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Bioscience degree leads to cutting-edge medical research

Some of the most versatile career options for NC State graduates begin with the study of STEM+M majors (science, technology, engineering, mathematics, and medicine). Alumna Kelly Murray is one of those students.  She started at North Central State College in the fall of 2011 where she enrolled as a bioscience major.  “North Central was the obvious choice for me given the low cost to attend, and transfer options,” Murray explains.  She is a non-traditional first-generation student who never actually planned on going to college, until she discovered her love for science.

As part of her financial aid package at NC State, Murray was awarded a Choose Ohio First Scholarship (COF), which helped her as an undergraduate immensely.  COF is a state-funded program for Ohio residents pursuing a major in one of the STEM+M fields.

The second-year she received the COF award, it allowed her to accept an unpaid internship in a research lab that helped her gain valuable experience in her chosen field.  “I would not have been able to afford to take an unpaid internship without the scholarship,” she says.  “The experience I gained ultimately resulted in my deciding to continue to earn my bachelor’s degree and then begin my doctoral work in 2017.”

Today Murray is a Ph.D. candidate at Cornell University studying cells and Ribonucleic Acid (RNA), a molecule similar to DNA.  “Any time your cells need a specific protein, the process starts with transcribing RNA, using your DNA as a template. This RNA is then used as a sort of blueprint for making the protein,” Murray explains.  “But there’s a catch. The RNA needs to be processed before it’s ready to be used. I study how machinery in the cell processes that RNA- specifically, how regions of the RNA that need to be removed are identified and cut out of the RNA transcript.”

She goes on to explain, “This process needs to occur very quickly, but also with very high precision. Many diseases in humans are caused by mistakes in the removal of these pieces of RNA. Our cells have the remarkable ability to balance the tradeoff between accuracy and speed, removing these pieces of RNA very quickly, while maintaining a high level of accuracy. My doctoral work is focused on understanding this process.”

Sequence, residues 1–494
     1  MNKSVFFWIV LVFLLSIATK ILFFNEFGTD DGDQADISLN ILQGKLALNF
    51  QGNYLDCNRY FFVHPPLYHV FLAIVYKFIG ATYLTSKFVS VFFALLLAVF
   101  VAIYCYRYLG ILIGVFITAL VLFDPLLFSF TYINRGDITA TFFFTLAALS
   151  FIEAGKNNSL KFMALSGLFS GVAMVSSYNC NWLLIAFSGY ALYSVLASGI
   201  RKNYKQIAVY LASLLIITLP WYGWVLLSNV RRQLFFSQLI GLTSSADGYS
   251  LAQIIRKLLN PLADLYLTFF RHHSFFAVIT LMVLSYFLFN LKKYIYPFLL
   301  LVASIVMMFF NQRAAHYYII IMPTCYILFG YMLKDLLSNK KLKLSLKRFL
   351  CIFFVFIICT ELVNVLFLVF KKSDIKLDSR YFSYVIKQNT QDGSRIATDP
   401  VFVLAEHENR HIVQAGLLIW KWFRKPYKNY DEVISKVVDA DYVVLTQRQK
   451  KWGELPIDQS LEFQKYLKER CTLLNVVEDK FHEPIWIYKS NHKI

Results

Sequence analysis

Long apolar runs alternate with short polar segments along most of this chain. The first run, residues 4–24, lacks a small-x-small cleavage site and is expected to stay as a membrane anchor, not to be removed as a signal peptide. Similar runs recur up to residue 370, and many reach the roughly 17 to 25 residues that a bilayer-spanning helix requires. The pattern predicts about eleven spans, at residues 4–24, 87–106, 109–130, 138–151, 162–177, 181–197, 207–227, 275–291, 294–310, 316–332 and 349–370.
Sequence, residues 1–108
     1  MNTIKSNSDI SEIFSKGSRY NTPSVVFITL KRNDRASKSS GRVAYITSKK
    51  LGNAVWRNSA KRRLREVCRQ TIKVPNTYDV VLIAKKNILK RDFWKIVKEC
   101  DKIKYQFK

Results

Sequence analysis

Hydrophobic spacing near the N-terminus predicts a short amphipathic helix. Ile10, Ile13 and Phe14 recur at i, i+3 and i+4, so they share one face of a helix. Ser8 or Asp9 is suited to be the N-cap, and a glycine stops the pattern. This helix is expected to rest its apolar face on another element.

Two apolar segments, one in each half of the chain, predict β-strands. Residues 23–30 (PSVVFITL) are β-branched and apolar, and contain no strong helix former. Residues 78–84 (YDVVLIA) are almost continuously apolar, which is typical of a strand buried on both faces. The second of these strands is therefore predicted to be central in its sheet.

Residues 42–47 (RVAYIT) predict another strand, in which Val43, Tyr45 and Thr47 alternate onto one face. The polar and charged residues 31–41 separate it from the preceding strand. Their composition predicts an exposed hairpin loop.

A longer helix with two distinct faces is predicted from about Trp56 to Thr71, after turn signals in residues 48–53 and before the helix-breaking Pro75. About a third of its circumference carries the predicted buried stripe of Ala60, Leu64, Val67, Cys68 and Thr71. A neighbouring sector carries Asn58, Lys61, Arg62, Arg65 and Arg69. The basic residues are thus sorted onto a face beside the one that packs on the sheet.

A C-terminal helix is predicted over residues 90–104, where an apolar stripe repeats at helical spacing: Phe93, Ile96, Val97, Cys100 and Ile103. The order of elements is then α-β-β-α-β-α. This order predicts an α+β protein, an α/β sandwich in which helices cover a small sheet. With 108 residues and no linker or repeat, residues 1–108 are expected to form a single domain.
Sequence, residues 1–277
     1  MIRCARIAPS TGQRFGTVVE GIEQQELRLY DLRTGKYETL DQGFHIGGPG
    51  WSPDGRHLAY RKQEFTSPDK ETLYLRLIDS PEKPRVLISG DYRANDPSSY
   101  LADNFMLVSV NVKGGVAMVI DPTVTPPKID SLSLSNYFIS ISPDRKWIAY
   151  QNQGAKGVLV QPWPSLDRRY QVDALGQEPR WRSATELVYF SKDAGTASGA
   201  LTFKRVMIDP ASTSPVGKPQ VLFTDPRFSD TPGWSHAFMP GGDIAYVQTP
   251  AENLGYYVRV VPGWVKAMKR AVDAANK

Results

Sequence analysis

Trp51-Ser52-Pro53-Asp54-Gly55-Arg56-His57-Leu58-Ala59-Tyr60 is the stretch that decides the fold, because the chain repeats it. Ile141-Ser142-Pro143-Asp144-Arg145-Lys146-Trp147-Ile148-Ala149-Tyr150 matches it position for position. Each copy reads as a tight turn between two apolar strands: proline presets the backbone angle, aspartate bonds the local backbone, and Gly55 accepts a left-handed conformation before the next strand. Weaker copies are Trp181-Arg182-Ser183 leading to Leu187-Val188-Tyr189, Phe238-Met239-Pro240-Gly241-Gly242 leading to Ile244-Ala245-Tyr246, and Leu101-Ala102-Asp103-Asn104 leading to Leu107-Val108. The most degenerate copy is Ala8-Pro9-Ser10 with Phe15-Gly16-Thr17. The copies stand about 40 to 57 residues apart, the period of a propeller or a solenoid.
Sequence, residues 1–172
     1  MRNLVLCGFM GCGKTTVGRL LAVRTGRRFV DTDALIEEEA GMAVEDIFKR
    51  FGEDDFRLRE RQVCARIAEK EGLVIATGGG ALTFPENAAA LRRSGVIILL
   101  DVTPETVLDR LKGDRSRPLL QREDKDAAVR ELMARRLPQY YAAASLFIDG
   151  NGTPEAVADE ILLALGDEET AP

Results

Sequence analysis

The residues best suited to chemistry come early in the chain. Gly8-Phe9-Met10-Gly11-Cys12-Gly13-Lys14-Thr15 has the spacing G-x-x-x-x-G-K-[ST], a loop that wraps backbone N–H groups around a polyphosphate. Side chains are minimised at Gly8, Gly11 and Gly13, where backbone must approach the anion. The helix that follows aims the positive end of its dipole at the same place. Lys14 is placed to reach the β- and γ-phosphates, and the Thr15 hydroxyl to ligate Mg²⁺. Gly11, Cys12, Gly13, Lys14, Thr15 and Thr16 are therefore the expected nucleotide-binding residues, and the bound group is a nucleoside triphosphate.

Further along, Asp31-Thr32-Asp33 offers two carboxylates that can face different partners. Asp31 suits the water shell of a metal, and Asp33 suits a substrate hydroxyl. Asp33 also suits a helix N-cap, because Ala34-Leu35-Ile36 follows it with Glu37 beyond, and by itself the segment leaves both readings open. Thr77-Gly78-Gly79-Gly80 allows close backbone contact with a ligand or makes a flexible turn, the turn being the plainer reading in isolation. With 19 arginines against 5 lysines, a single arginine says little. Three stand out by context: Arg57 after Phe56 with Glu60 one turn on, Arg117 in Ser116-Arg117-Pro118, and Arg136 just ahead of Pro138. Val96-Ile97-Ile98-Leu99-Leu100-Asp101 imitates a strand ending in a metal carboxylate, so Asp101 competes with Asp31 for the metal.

It is no surprise that Murray’s favorite class at North Central State College was the biotechnology course.  “It was my first biology lab and I was able to learn so much about lab techniques,” she says.  “We also covered a lot of laboratory math, which I admit was a little frustrating at the time, but has been very helpful for me both in more advanced coursework and my current day-to-day lab work.”

The combination of lab and coursework in the classroom at North Central helped prepare her with a firm foundation in biological research.  “I am especially thankful because I was able to get inside a research lab very early in my undergraduate career,” Murray says.  “I was able to take a wide variety of courses and that helped to broaden my depth of knowledge and was instrumental in my getting a good score on the subject GRE for graduate school application.  After obtaining her associate degree in the spring of 2014, she was able to transfer her credits and continue her education at Ashland University.

Murray truly enjoyed the educational experience at North Central State College.  “I loved the small class sizes,” she explains.  “I benefited from having the opportunity to discuss course content one-on-one with my professors, and to talk about career options.  I felt welcomed into the community.”